He knew what was at stake in the possibility of leaving Hillcrest. The Patriots were on the rise – this year’s team ended the regular season No. 1 in 6A with what would be Martin’s seniors — but a promise is a promise. That first Calhoun County opening just happened to be at a place that hadn’t had a .500 season since 2007 or been to the playoffs since 2003. It would be like Nick Saban leaving Alabama to coach at Austin Peay.

Martin was never married to big-school football even though most of his career had been spent there. He was a head coach at Louisiana giant Destrehan and went back as an assistant in a state championship season. After retiring from the state shortly after Hurricane Katrina, he came to Alabama and coached at Spain Park, Pell City and Calera. But he also spent two other head coaching stints at smaller schools is southern Louisiana where he found enjoyment in the intimacy of community.

He did his due diligence and knew the Ohatchee history. He knew the Indians had only one victory the year before — and that was by forfeit – and he knew they had four head coaches in the previous seven years. And he knew it was moving up in classification.

But an all-time winning record let him know the program had had success in the past, so it wasn’t a foreign concept.

“It wasn’t like you were going to a place where you had absolutely no chance, but it was going to be a challenge,” he said. “As a football guy you could look at it as a risk; I looked at it as a challenge. I think the one thing we have done at Ohatchee that is hard to do at small schools (is stay committed). At a school like Ohatchee you get a guy who is coming into that job who is trying to parlay it into the big job or a guy coming into the very light years of his coaching career that’s just trying to find a place to finish win or lose.

“My thing was I still had lot of good years left and I thought we could be successful, but you had to have a guy who comes in and makes a commitment to say I’m not interested in coming into a 2A or 3A school but I’m really looking for that big 6A or 7A job. I’ve been there, I’ve done that; it was not what my commitment level was.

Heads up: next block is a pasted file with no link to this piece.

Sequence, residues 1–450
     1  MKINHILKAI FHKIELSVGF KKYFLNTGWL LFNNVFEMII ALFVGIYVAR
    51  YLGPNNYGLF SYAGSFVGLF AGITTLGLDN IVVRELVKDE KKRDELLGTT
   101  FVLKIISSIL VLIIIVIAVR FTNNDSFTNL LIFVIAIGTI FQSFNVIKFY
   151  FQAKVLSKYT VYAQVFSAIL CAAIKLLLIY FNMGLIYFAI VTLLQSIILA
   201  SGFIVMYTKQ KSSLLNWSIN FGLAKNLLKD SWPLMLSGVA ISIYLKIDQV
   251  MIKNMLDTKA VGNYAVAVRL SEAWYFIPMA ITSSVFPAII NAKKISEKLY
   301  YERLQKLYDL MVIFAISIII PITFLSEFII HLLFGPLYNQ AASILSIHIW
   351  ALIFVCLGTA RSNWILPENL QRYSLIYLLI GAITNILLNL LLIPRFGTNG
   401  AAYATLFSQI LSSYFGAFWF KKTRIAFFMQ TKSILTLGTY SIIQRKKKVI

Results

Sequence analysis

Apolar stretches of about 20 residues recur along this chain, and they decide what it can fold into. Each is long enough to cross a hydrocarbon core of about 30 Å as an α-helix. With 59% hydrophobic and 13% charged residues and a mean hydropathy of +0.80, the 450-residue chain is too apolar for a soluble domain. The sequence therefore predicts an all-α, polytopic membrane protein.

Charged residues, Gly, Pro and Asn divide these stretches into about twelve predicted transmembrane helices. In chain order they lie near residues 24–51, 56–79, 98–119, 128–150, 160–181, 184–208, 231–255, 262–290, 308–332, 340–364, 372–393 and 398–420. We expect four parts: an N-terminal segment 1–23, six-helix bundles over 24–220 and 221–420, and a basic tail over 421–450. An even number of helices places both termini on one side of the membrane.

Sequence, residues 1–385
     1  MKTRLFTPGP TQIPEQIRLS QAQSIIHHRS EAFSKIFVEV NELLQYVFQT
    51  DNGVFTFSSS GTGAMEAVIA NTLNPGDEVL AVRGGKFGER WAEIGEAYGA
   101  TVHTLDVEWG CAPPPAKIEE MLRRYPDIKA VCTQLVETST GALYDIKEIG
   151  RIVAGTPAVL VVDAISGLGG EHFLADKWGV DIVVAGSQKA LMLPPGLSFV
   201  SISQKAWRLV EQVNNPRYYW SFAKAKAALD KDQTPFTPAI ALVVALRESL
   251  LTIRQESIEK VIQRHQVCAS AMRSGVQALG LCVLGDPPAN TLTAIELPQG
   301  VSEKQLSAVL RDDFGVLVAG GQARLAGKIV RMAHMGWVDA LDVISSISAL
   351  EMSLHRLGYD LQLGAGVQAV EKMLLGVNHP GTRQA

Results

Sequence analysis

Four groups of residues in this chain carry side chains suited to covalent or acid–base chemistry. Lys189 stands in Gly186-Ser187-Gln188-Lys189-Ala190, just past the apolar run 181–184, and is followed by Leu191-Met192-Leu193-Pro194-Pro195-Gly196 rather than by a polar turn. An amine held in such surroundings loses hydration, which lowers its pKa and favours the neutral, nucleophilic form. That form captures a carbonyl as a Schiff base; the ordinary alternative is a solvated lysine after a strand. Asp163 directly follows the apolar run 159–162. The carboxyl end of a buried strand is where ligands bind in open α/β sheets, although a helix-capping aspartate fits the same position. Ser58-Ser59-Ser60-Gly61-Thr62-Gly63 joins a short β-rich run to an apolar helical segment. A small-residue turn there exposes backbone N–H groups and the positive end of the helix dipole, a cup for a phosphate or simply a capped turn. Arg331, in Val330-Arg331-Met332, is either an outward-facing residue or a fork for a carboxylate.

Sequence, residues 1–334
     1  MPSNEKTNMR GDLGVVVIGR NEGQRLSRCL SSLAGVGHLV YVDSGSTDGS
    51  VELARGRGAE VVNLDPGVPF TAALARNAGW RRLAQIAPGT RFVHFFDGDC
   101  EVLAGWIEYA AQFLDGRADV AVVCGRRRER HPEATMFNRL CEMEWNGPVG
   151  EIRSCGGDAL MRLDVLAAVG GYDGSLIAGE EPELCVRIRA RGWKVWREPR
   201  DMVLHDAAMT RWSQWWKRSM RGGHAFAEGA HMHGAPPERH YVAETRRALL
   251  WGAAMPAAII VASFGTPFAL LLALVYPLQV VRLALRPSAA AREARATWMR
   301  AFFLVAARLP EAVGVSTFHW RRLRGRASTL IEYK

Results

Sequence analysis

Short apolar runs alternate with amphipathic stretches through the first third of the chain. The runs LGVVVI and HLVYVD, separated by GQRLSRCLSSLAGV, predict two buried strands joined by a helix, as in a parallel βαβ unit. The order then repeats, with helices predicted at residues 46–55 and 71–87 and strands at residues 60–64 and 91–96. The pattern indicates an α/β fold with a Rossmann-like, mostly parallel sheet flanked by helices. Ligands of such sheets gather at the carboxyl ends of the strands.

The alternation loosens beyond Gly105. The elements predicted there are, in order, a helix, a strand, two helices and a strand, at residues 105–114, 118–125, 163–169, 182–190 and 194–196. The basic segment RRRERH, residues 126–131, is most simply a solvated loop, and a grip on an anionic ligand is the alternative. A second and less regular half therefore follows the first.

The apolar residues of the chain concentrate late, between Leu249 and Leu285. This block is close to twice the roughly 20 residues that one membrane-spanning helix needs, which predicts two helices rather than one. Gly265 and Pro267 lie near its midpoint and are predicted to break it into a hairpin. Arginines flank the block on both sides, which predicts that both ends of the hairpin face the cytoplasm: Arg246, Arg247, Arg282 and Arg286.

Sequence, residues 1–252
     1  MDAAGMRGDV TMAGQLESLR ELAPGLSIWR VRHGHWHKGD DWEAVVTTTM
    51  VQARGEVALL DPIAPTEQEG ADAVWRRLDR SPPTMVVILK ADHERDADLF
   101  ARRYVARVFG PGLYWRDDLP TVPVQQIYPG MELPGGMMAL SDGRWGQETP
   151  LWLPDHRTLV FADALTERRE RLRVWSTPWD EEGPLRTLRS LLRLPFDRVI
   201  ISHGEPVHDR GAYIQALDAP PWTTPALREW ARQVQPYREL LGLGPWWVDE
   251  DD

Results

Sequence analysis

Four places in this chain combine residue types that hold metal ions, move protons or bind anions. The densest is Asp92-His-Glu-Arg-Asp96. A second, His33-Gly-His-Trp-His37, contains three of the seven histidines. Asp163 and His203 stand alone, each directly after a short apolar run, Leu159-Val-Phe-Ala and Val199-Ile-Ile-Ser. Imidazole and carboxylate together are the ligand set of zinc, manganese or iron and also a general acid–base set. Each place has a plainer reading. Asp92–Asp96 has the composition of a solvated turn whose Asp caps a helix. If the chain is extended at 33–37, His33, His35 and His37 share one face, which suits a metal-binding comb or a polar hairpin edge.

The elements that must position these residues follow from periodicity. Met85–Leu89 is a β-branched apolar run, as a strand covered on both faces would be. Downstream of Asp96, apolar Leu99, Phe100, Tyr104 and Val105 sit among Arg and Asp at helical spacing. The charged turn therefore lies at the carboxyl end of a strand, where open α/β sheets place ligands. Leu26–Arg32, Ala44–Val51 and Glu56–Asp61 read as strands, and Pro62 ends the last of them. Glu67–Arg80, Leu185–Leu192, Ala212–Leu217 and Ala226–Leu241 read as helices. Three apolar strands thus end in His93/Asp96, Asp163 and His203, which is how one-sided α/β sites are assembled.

“My commitment level was coming into a place like Ohatchee and treating it like it was a 6A or 7A job, and changing the culture of our kids and treating them like the 6A and 7A football players get treated in the program, which is to eventually have the best of everything that you can afford and put them to where they feel like they’re big-time guys.”

He told Ohatchee officials if they hired him he wouldn’t go seek the next prime spot that came open, but by the same token, knowing it was going to take time to lay the groundwork, didn’t want them to come to him in another two years if it was looking like more of the same and tell him they were going in a different direction.

“I told them if wins and losses are all you were looking at, then you probably weren’t going to get your wish in two years,” he said. “But I think we can make strides and we can do a lot of things and turn this program in a different direction.”

Tittle guaranteed him the time that he needed.

In truth, life on the Creekbank offered everything Martin ever wanted at this stage in his life. Even if he never coached another game he’s got a loving wife, a house on the lake — the M&M Paradise, they call it — a boat to cruise on it and access to the golf course.

All he has to do now is go win a big football game – or two – and the picture will be complete.